The sanction of confiscation will be applied in reasonable and proportionate way. The head teacher delegates the right to confiscate property which is being misused in school as long as this is a proportionate response to the offence. The procedure for the safe storage of the property and its return to its owner should be made clear. The school can confiscate mobile phones but not search through a phone or access text messages without the child’s permission unless the head teacher feels it is justified. If cyber-bullying is suspected, then the child can be asked to reveal a message but if the child refuses parents will be contacted and will need to come into school. The child, can however, be punished for refusing to follow a reasonable instruction. The school will keep a record of valuable confiscated items which will be kept in the school office. A note should be written to alert parents if this is considered necessary.
This represents an on the spot punishment for example for those guilty of fighting in school, ignoring school rules or for consistent misconduct in lessons which could lead to exclusion. It is to be used in those instances when the senior management team feel there is nothing will be gained by external exclusion. If it is for more than one day, then it is to be viewed as of equal status in terms of seriousness as a fixed term exclusion and therefore, parents must be informed by the senior management team.
School does not tolerate bullying of any kind. If bullying is discovered we act immediately to stop any further incidents. Whilst it is difficult to eradicate bullying entirely, we do everything in our power to ensure all children who attend school free of fear.
All members of staff are aware of the regulations regarding the use of force teachers, as set out in DfEE circular 10/98, relating to section 550A of the Education Act 1996: The Use of Force to Control or Restrain Pupils.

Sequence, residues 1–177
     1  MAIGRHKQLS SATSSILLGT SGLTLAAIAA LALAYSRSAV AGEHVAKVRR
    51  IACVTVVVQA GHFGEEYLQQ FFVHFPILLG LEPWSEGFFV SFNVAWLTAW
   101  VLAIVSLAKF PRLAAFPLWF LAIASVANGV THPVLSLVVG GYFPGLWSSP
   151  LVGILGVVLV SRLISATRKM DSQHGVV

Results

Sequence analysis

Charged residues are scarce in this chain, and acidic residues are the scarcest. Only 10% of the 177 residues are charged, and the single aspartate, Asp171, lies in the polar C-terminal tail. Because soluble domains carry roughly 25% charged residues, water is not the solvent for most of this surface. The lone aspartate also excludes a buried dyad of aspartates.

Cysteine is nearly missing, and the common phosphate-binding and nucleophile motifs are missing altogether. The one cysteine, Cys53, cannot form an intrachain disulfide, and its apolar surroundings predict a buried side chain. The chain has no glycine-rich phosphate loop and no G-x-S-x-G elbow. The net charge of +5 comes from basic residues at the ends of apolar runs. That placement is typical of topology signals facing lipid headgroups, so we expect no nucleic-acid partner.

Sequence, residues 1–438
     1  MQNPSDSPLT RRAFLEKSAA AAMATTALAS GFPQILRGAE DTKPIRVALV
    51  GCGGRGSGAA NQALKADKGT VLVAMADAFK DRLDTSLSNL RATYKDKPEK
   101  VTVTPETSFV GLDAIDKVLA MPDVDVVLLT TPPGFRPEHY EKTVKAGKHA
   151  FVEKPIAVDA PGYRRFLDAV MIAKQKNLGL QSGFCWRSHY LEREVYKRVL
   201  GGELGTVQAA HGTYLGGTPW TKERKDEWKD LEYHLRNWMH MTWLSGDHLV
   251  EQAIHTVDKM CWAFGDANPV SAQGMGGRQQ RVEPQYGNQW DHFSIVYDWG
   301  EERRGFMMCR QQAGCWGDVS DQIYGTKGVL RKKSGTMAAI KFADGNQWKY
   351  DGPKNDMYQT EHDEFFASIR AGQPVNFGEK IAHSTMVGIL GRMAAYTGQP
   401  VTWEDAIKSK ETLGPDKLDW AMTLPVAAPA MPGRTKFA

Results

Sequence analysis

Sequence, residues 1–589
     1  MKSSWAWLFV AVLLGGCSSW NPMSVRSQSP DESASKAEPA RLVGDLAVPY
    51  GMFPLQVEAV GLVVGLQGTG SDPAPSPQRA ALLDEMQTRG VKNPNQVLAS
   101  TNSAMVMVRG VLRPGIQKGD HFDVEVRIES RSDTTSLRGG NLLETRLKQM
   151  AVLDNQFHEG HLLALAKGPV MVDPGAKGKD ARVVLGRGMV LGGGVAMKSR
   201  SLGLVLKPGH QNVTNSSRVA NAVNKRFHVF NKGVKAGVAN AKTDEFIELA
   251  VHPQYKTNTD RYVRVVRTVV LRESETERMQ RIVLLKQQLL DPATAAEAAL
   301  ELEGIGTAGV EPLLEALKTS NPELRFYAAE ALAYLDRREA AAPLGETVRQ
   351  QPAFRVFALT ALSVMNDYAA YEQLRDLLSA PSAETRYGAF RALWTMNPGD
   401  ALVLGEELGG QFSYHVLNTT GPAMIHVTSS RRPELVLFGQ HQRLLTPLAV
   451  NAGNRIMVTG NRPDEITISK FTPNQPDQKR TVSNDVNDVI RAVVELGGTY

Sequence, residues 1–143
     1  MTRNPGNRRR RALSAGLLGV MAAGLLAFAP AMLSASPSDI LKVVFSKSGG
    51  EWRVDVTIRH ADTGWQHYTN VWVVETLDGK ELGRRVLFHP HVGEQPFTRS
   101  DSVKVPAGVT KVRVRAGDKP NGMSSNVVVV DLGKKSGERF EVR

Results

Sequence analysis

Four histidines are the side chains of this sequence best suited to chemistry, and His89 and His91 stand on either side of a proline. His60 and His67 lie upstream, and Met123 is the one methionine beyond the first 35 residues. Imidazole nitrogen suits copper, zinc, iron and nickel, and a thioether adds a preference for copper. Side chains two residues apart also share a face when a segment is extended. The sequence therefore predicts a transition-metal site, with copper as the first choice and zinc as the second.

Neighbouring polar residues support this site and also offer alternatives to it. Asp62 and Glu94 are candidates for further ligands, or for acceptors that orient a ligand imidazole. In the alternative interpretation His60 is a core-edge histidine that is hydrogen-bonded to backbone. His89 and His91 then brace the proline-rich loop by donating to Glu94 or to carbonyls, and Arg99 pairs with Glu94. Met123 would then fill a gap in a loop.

Staff only intervene physically to restrain children to prevent him/herself or/and others. The actions that we take are in line with government guidelines on the restraint of children. Any incidents of restraint would be recorded in the incident file in the head teacher’s office.
The Role of the Head Teacher
It is the responsibility of the head teacher, under the School Standards and Framework Act 1998:
- To implement the school behaviour policy consistently throughout the school.
- To report to governors, when requested on the effectiveness of the policy.
- To ensure the health, safety and welfare of all children in school.
- To support staff by setting the standards of behaviour.
- To support staff in the implementation of the policy.
- To keep records of all reported serious incidents of misbehaviour.
- To have the responsibility for giving fixed-term exclusions to individual children for serious acts of misbehaviour. For repeated or very serious acts of anti-social behaviour, the head may exclude the child. Both these action are only taken after the school Governors have been notified.
The Role of Parents
It is the role of parents:
- To work collaboratively with parents, so children receive consistent messages about how to behave at home and at school.